Time to Take Action
Our Klamath Basin Water Crisis
Upholding rural Americans' rights to grow food,
own property, and caretake our wildlife and natural resources.


OSU paper calls for fewer cattle, more wolves to 'rewild' the West

Beef cattle

Some 110,000 square miles of federal land in the West should be closed to cattle and restocked with wolves and beavers, according to a paper by Oregon State University scientists and others.

Appearing Aug. 9 in the journal BioScience, the paper identifies 11 blocks of federal land spread over 11 states for a “Western rewilding network.”

The paper’s 20 signers include six OSU scientists, professors from other schools, conservationists and former U.S. Fish and Wildlife Service director Daniel Ashe.

They propose reducing the amount of federal land grazed in the West by 29% — equal to the size of Nevada — and also limiting logging, mining, oil and gas drilling and off-road vehicles.

Once rid of “troublesome nonnative species,” the network would advance President Biden’s executive order to conserve 30% of the U.S. by 2030, the authors said.

“Although our proposal may at first blush appear controversial or even quixotic, we believe that ultra ambitious action is required,” they wrote.

R-CALF USA CEO Bill Bullard said the proposal ignores the rights of ranchers and the importance of widespread food production that can withstand regional catastrophes.

“The American West is vitally important as a protein source, beef and lamb, and is ideally suited for protein production,” he said.

“It is a shortsighted and unrealistic proposal that does not consider the economic and social impacts it would have, uprooting entire communities that are valuable contributors to the economic welfare of this nation,” Bullard said.

The proposal identifies blocks of federally owned land in Oregon, Washington, Idaho, California, Nevada, Montana, Colorado, Arizona, New Mexico, Wyoming and Utah for the rewilding network.

The network would include Olympic National Park, and the North and South Cascades in Washington.

Other blocks in the network would include the Blue, Klamath and Cascade mountains in Oregon; the Sierra Nevada mountains in California and the Northern Rockies in Idaho.

The proposal intertwines reducing cattle on federal land and wolf recovery. The paper argues that livestock grazing threatens endangered species and contributes to climate change.

Grazing permits could be retired with an “economically and socially just federal compensation program,” according to the authors.

The paper’s lead co-author, OSU ecology professor William Ripple, was unavailable. Co-author George Wuerthner of Public Lands Media in Bend said removing cattle from federal lands would have the most impact.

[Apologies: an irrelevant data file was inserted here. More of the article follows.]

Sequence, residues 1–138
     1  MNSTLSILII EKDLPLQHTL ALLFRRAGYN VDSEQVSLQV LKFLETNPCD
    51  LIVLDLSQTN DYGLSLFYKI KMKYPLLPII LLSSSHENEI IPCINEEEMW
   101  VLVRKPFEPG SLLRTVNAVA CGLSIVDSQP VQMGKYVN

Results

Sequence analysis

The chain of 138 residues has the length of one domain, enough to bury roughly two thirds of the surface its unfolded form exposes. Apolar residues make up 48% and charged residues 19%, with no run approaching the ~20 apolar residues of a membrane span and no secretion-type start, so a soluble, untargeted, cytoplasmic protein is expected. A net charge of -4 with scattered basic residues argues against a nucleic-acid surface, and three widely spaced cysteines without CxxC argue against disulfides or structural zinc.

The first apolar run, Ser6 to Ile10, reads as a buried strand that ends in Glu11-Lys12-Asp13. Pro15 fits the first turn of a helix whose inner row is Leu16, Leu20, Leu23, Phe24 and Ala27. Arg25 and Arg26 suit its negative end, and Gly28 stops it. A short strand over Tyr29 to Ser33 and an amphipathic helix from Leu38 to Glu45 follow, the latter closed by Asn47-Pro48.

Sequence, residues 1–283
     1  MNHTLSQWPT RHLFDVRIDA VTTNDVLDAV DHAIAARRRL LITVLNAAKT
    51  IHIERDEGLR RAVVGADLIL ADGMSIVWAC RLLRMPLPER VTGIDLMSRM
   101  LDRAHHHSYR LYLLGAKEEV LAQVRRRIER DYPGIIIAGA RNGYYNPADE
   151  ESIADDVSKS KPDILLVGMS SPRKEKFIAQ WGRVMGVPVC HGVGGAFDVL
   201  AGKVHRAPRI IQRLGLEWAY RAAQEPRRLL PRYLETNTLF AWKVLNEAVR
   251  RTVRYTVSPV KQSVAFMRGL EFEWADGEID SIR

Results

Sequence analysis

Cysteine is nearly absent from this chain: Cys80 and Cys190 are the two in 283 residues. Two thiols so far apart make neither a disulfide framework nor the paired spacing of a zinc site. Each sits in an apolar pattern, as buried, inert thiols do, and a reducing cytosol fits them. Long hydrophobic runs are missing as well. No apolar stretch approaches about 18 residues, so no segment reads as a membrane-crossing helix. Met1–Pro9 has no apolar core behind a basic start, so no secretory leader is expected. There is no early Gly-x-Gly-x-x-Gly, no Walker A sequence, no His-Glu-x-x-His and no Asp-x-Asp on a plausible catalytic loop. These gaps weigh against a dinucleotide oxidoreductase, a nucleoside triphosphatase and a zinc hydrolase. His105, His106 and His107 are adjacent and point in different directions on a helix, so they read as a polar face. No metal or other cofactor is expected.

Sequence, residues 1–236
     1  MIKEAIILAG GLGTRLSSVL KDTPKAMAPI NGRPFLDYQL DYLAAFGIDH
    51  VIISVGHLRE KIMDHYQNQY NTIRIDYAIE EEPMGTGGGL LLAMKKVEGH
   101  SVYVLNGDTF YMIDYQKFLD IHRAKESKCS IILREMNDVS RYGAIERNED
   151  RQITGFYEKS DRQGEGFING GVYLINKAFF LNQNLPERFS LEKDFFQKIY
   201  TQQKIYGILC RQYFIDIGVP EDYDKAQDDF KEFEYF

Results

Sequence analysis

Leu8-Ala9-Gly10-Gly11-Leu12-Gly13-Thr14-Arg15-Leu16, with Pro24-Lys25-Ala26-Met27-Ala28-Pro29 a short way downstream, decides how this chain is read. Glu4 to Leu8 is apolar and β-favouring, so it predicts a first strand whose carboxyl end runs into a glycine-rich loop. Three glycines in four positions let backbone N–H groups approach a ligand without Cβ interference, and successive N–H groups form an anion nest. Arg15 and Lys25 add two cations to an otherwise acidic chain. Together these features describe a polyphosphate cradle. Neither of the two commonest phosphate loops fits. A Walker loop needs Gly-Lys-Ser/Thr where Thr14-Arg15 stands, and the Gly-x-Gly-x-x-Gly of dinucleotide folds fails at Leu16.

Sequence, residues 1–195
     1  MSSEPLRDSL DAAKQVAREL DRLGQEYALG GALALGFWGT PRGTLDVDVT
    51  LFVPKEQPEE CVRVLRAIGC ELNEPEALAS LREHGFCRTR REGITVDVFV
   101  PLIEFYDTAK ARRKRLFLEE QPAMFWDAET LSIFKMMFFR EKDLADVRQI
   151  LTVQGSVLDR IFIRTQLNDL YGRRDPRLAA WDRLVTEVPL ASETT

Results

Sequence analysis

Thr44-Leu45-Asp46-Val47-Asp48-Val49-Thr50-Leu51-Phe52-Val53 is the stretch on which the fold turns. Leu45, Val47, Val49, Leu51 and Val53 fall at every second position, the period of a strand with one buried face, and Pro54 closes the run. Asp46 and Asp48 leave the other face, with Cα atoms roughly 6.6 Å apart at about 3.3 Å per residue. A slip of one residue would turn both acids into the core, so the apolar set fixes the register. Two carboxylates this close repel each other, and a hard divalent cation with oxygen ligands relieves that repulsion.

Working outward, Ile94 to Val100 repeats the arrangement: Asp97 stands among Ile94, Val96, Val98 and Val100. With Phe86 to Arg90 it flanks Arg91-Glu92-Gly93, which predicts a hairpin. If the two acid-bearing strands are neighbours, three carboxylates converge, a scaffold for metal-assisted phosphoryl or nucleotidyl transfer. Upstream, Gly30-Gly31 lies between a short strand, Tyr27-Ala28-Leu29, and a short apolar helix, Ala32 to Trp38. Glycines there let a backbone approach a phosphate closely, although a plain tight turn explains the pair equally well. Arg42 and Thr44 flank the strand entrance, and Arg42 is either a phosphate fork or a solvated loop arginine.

“If I were king, that would be the first thing I would do,” he said.

“This is sort of a big-picture proposal. I think all of us realize a final version will have a lot of political compromises,” Wuerthner said. “You throw it out there and it takes a while and provides a target that you can have as a goal.”

National Cattlemen’s Beef Association natural resources director Kaitlynn Glover said rewilding campaigns ignore ranchers’ contributions to keeping landscapes open.

“Removing livestock grazing — a valuable tool to reduce fuels for wildfires and an important protector of biodiversity — will lead to new and exacerbated threats to vast areas of the West,” she said in an email.

The paper called for wolves to be federally protected throughout the country. Currently, wolves in the Rocky Mountains are not federally protected.

Restoring beavers would repair riparian habitat and enrich fish habitat, according to the authors.

Ashe was USFWS director from 2011 to 2017 during the Obama administration. He is now president and CEO of the Association of Zoos and Aquariums.

Other authors include five other OSU scientists and Aaron Wirsing of the University of Washington School of Environmental and Forest Sciences.

Other authors are from the Ohio State University, Virginia Tech, the University of Victoria, Michigan Technological University, National Park Service, Earth Island Institute of Berkley, Calif.

Also, Turner Endangered Species Fund of Bozeman, Mont.; Florida Institute for Conservation Service, and RESOLVE, a conservation group based in Washington, D.C.



In accordance with Title 17 U.S.C. section 107, any copyrighted material herein is distributed without profit or payment to those who have expressed a prior interest in receiving this information for non-profit research and educational purposes only. For more information go to: http://www.law.cornell.edu/uscode/17/107.shtml

Home Contact


              Page Updated: Saturday February 11, 2023 12:39 AM  Pacific

             Copyright © klamathbasincrisis.org, 2001 - 2022, All Rights Reserved